Expat Retirees Reveal How Life Has Turned Out
A survey finds they realized two of their top three wishes
Ever dreamed of retiring abroad? The lower cost of living…the relaxed lifestyle…the gorgeous weather… Well, that’s what it’s supposed to be like. But how does that all square with reality? A new survey has the answers.
The Best Places in the World to Retire site just polled 389 expats from the United States and Canada now living in three popular Central America retirement countries: Belize, Nicaragua and Panama. The transplants were asked why they wanted to retire abroad and what it’s been like.
“Their expectations were very high and they met them,” says Chuck Bolotin, the site’s Vice President for Business Development. “Retiring abroad made them happy.”
The biggest revelation for Bolotin: The striking number of expats who left home for quality-of-life issues, such as a more meaningful and less stressful life. “The fact that they wanted a lower cost of living didn’t surprise me,” says Bolotin. “What did surprise me was how close the quality-of-life issues were right behind.”
Bolotin also said he found it fascinating how many expats said they were seeking to live a life like they remembered, or believed it to be, growing up in the ‘50s and ‘60s. “Isn’t it ironic that they’re leaving America and finding it in some other place?” he asks, rhetorically. “I heard again and again that they wanted more of a feeling of community. And they got that: they know their neighbors.”
The survey’s key findings:
Most thought that by moving abroad they’d achieve a lower cost of living (87 percent), a simpler, less stressful life (82 percent) and better weather (74 percent). Those were the top three hopes.
They realized two out of three of those desires: 84 percent said they achieved a lower cost of living and 74 percent got better weather. “That tells me that a lower cost of living is achievable, it’s a fact,” says Bolotin. The only respondents who said they didn’t find lower costs, he noted, were Americans insistent on buying American products. “Those products by definition are more expensive, because they’re imported,” says Bolotin.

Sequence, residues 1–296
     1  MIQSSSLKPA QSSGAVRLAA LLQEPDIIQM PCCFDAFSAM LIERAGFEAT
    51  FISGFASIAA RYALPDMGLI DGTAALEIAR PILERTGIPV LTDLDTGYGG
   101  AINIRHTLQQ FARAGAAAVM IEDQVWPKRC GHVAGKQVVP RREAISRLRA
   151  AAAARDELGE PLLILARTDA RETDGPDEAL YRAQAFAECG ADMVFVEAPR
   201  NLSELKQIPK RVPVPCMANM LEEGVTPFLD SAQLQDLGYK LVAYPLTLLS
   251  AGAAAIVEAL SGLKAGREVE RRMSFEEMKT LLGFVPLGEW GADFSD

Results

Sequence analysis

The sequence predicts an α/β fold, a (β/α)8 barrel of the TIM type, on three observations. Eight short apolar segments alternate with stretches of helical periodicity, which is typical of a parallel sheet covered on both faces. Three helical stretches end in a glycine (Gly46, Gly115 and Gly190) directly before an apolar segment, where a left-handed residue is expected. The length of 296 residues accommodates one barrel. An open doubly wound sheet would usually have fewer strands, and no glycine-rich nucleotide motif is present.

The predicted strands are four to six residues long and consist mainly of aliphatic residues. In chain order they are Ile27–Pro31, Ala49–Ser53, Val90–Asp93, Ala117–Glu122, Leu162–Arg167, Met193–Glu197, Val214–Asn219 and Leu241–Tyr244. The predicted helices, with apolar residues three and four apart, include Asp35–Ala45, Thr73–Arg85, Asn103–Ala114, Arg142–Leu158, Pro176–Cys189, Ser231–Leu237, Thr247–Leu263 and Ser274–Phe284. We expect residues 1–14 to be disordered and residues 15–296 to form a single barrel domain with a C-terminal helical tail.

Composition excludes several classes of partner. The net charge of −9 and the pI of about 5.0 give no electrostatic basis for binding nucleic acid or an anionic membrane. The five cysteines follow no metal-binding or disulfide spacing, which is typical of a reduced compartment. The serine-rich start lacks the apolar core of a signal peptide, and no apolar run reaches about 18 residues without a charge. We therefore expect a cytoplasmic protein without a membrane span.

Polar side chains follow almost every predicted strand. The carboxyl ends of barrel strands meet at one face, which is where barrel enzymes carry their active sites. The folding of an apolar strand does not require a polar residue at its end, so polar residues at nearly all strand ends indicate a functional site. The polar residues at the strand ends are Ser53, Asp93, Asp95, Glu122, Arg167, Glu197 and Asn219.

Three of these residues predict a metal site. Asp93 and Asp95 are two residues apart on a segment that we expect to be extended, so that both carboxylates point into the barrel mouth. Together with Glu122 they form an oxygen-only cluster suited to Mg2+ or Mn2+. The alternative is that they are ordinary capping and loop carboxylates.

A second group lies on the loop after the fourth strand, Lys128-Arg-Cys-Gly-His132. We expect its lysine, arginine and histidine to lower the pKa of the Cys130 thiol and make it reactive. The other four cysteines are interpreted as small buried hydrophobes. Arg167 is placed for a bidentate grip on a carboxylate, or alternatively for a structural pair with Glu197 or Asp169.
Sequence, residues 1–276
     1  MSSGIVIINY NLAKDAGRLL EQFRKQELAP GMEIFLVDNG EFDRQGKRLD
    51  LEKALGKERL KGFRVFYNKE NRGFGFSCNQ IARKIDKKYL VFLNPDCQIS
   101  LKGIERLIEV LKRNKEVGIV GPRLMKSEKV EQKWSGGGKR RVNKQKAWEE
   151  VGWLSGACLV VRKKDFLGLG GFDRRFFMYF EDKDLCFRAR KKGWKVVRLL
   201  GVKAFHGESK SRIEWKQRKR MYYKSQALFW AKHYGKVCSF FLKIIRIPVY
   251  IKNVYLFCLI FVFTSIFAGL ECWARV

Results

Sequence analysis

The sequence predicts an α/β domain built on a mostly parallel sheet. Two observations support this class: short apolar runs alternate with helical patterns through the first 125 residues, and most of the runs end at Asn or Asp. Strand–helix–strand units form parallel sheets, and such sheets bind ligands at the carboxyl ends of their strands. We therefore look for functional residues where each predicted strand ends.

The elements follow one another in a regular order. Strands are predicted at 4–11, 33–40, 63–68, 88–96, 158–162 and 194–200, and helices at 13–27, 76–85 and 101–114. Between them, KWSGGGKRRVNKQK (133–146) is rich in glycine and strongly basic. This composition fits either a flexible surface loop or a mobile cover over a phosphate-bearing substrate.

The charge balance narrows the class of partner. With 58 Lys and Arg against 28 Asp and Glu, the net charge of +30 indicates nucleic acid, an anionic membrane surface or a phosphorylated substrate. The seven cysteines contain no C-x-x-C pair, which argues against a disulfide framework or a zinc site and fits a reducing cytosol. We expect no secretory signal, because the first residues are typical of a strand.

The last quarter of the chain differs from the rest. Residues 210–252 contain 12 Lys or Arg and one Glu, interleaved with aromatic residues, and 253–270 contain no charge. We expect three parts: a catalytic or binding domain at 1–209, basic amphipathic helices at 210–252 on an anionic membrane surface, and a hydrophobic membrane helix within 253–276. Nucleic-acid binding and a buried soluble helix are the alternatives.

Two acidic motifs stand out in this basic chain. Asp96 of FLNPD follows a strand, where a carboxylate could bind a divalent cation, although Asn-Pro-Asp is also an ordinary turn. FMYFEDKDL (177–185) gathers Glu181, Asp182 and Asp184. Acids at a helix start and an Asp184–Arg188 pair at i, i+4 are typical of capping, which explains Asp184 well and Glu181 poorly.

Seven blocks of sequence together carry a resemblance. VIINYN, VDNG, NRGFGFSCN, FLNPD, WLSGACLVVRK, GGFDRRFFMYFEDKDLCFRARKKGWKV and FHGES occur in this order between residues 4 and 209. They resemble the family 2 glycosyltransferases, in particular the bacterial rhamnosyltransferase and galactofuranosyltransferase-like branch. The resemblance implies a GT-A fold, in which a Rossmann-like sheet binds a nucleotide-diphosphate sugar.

But the “simpler, less stressful” life didn’t always materialize. Only 71 percent are living a simpler, less stressful life, compared to the 82 percent who were hoping for it.
“People from first-world countries like the United States are used to getting things done now — you call the cable guy and he says he’ll be there at 3 and you expect him to be there at 3, not at 10 the next day,” says Bolotin. “When that doesn’t happen, it induces stress for many people. They’re frustrated.”
While 56 percent thought they’d achieve “a less materialistic, or more meaningful life” (the No. 4 reason cited for retiring abroad), an even higher percentage actually did. An impressive 61 percent of the expats say they’ve found more meaning.
“What that says to me is that they believe they can achieve a less materialistic, more meaningful life overseas more than in the United States or where they came from,” says Bolotin. “It’s not just about money.”
Women were more likely than men to find a less materialistic life abroad. Two thirds of women said they achieved this, but only 56 percent of men did.
The vast majority of U.S. expats in these countries (85 percent) are happier living abroad than they were before. “That’s a huge number,” says Bolotin. (Though keep in mind that the survey wouldn’t include people who hated the expat life so much they moved back to their country of origin.)
Specifically, 56 percent said they’re much happier and 28 percent said they’re somewhat happier. Only 5 percent are less happy now and 11 percent said they’re about as happy as before they moved.
Similarly, 64 percent said they enjoy life abroad much more than their former lives.
What Americans miss most: “First-world goods and shopping” (said 20 percent) and “Not enough access to high-quality health care” (16 percent). Bolotin’s caution: Health care isn’t homogenous within these countries; cities tend to have something akin to American-style, but rural areas don’t.
For many, the move is permanent. The survey found that 42 percent of the expats never plan to go back to the U.S. and 37 percent aren’t sure; another 16 percent expect to return to America when they’re old or sick, 4 percent said “as soon as possible” and 3 percent anticipating moving back within five years.
And if they had to do it all over again, nearly all would. Of the former Americans surveyed, 79 percent said so and another 12 percent said they probably would; 3 percent either wouldn’t or probably wouldn’t.
Bolotin’s advice for anyone thinking of retiring abroad: “You have to go to something as opposed to running from something.” Also, he says, do your research before you make a move. “Being on vacation is not the same as living in a place,” Bolotin says.